People are Wising Up

What you’re in trouble who are you going to call? More and more people are saying, “Not the police.”

After news broke that a group of Milwaukee police officers savagely beat an unarmed black man named Frank Jude in 2004, the city saw crime-related 911 calls drop by about 20 percent for more than a year—totaling about 22,200 lost reports of crimes—according to a new study by a group of sociologists at Harvard, Yale, and Oxford universities.

The outcome wasn’t unique to Jude’s beating, the researchers found. Looking at the city’s 911 call-records from 2004 to 2010, they noted similar drops after other highly publicized local and national cases of police violence against unarmed black men.

The findings square with earlier research showing that communities—specifically black communities given recent events—become more cynical of law enforcement after brutality cases. But the new study, published in the October issue of the American Sociological Review, is the first to show that people actually change their behavior based on that elevated distrust. Namely, community members become less likely to report crimes to law enforcement, likely out of fear of interacting with police or skepticism that police will take them seriously and help.

This is the inevitable result of having unaccountable law enforcers. Instead of seeing law enforcers as protectors of the community people are beginning to see them as risks. And they’re right. Unaccountable law enforcers are risks because any profession that lacks accountability tends to attract unsavory individuals. People who want to enjoy having power over others are attracted to careers that allow them to indulge their desire. Law enforcement today is the product of a vicious cycle where a lack of accountability has attracted unsavory individuals and a glut of unsavory individuals in law enforcement agencies has discouraged increasing accountability.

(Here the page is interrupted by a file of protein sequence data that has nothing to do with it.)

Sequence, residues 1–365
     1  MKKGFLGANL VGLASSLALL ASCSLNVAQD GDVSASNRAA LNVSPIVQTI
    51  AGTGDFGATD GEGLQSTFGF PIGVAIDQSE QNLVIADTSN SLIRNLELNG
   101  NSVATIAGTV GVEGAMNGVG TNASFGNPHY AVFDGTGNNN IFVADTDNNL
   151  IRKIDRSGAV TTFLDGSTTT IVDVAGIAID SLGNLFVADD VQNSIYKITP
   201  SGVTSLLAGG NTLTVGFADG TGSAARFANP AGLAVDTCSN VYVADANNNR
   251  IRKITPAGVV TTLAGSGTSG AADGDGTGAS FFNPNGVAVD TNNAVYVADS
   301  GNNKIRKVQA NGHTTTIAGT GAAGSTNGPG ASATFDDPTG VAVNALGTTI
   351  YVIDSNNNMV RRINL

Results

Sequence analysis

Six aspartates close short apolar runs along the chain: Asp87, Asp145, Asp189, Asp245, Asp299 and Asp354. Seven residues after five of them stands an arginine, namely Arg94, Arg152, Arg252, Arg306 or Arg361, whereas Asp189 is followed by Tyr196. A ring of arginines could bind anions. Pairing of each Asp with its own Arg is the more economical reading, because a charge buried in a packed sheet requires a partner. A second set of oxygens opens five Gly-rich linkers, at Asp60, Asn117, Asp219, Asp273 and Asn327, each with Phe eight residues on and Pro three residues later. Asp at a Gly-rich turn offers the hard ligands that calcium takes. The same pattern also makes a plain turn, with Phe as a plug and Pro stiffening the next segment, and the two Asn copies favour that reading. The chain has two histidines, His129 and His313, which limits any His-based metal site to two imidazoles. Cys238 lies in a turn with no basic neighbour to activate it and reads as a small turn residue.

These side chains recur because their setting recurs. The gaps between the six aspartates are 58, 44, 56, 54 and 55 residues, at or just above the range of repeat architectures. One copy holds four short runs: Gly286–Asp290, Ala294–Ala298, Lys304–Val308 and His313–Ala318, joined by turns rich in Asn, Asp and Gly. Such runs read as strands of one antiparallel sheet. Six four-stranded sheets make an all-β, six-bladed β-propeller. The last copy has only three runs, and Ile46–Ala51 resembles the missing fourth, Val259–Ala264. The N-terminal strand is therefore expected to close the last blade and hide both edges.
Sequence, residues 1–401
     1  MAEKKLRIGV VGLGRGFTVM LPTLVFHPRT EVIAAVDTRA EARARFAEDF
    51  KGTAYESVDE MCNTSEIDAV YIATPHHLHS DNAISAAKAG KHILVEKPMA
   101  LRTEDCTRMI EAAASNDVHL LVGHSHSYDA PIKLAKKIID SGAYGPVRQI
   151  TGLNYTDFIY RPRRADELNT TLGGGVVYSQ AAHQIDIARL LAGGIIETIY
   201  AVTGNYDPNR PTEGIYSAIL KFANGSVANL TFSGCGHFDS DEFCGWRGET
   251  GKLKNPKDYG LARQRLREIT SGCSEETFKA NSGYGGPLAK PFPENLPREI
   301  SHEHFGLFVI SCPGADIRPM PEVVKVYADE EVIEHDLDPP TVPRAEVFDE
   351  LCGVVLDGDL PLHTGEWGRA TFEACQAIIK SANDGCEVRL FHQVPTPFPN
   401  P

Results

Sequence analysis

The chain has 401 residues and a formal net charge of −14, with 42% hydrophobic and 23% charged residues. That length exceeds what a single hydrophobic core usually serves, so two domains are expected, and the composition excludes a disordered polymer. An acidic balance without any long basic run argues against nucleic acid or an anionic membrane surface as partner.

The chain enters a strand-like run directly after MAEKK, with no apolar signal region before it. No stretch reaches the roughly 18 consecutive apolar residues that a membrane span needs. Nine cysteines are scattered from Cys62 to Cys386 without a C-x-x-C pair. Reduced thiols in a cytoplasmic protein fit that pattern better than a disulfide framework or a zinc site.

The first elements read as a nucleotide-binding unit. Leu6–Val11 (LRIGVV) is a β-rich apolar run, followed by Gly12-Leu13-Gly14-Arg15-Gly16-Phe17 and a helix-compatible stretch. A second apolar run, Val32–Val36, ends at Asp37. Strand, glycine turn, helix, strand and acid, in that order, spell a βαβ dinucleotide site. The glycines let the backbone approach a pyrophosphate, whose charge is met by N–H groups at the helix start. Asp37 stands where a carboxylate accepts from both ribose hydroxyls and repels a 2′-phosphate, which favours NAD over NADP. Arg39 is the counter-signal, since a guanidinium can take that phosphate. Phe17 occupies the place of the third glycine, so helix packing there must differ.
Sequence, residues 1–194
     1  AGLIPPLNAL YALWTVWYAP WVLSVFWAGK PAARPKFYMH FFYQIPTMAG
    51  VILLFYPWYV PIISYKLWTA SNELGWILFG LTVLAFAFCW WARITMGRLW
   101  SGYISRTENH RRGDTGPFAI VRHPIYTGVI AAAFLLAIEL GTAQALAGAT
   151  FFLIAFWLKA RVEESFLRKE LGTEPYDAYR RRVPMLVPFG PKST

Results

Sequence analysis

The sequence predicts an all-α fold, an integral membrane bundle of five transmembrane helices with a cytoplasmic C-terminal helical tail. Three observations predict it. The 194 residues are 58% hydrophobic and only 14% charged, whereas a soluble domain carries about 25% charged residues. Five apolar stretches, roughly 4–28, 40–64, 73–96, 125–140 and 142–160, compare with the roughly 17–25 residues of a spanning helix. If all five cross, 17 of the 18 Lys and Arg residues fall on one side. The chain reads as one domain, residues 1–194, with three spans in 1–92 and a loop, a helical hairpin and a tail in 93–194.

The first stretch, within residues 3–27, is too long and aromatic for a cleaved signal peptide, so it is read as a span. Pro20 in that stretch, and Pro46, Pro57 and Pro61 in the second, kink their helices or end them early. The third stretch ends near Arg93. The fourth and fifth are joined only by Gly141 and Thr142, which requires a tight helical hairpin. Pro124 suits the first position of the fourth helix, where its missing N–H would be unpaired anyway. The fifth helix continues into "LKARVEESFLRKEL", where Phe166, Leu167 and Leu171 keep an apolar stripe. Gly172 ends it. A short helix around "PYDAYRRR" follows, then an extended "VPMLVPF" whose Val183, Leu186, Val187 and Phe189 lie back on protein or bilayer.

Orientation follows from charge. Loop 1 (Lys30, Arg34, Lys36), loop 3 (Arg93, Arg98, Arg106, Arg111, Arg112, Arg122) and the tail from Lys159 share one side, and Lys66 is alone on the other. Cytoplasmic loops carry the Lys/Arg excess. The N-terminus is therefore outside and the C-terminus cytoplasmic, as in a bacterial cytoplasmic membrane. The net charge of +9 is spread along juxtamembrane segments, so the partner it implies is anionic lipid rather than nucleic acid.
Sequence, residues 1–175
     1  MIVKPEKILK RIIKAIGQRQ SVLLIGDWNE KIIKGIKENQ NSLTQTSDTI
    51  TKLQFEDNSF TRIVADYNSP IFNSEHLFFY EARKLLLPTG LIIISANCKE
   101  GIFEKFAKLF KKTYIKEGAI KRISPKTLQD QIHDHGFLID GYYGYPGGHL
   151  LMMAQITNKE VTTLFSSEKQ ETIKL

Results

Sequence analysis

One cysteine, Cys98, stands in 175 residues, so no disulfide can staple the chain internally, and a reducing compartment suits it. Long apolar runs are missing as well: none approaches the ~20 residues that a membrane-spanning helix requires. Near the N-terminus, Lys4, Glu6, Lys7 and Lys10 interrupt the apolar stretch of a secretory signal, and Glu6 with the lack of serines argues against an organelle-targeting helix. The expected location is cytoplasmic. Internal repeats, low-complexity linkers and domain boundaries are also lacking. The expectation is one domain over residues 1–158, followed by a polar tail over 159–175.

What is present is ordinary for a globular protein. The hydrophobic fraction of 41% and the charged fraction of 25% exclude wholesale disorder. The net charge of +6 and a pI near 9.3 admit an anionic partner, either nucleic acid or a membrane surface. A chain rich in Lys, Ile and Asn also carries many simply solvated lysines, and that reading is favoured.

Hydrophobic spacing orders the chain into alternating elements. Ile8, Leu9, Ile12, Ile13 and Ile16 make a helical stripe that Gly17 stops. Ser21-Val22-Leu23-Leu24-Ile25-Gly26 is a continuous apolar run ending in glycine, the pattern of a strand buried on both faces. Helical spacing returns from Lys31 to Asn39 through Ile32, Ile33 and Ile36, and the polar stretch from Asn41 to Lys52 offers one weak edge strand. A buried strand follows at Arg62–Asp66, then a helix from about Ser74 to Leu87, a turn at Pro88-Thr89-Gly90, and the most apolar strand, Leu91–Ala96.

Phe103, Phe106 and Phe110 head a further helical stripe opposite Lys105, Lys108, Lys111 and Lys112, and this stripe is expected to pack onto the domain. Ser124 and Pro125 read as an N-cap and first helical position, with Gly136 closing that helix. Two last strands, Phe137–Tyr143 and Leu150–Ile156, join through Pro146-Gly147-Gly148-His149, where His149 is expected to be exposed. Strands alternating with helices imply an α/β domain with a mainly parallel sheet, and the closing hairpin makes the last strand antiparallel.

We see this distrust every day in little ways. Companies hiring private security personnel instead of relying on the police. People being afraid to call 911 when somebody breaks into their home. Widespread protests whenever a police officer uses deadly force. All of these are signs that public trust in law enforcement has degraded.

What’s especially ironic is that the cop apologists, who claim to be aligned with law enforcers, are just making this divide worse. By automatically siding with police officers in every use of force situation the tough on crime crowd has been feeding the populace’s fear that law enforcers are generally unaccountable, which further erodes their trust in the police. If the tough on crime crowd really wanted to help the police that too would be demanding more accountability because that is the only way to rebuild trust between the people and law enforcers. But they’re too stupid to realize that their devout worship is actually detrimental to police so they are actually unwitting wrenches in the great law enforcement machinery.

4 thoughts on “People are Wising Up”

  1. I follow, and the endless parade of smug, murderous cop assholes there makes me believe that one should NEVER call the cops. There’s no situation so bad that the presence of a cop won’t almost certainly make it worse.

  2. Please provide an example of how the response of the tough on crime crowd is feeding the populace’s fear.

    1. They feed the public’s fear by immediately jumping in to defend the officer. When an office is accused of a bad shoot they’ll dig through the victim’s criminal record, social connections, family history, and other things that are entirely irrelevant to whether or not the shoot was bad. This is done for the purpose of assassinating the victim’s character so the officer is viewed more positively by comparison.

      Instead of deciding the shooting on the relevant facts the tough on crime crowd works to shield to officer through propaganda. By being a propaganda arm for unaccountable police they increase the fear in the public’s eye that the police are guarded against accountability not just by a handful of individuals but by a large swath of society.

  3. The most likely way to improve the police’s image is a vigorous effort to purge the “bad apples”. The current policy of defending, to the bitter end, everything a cop (or prosecutor) ever does, and objecting loudly to every attempt to increase accountability, squanders whatever credibility the defender has.

Comments are closed.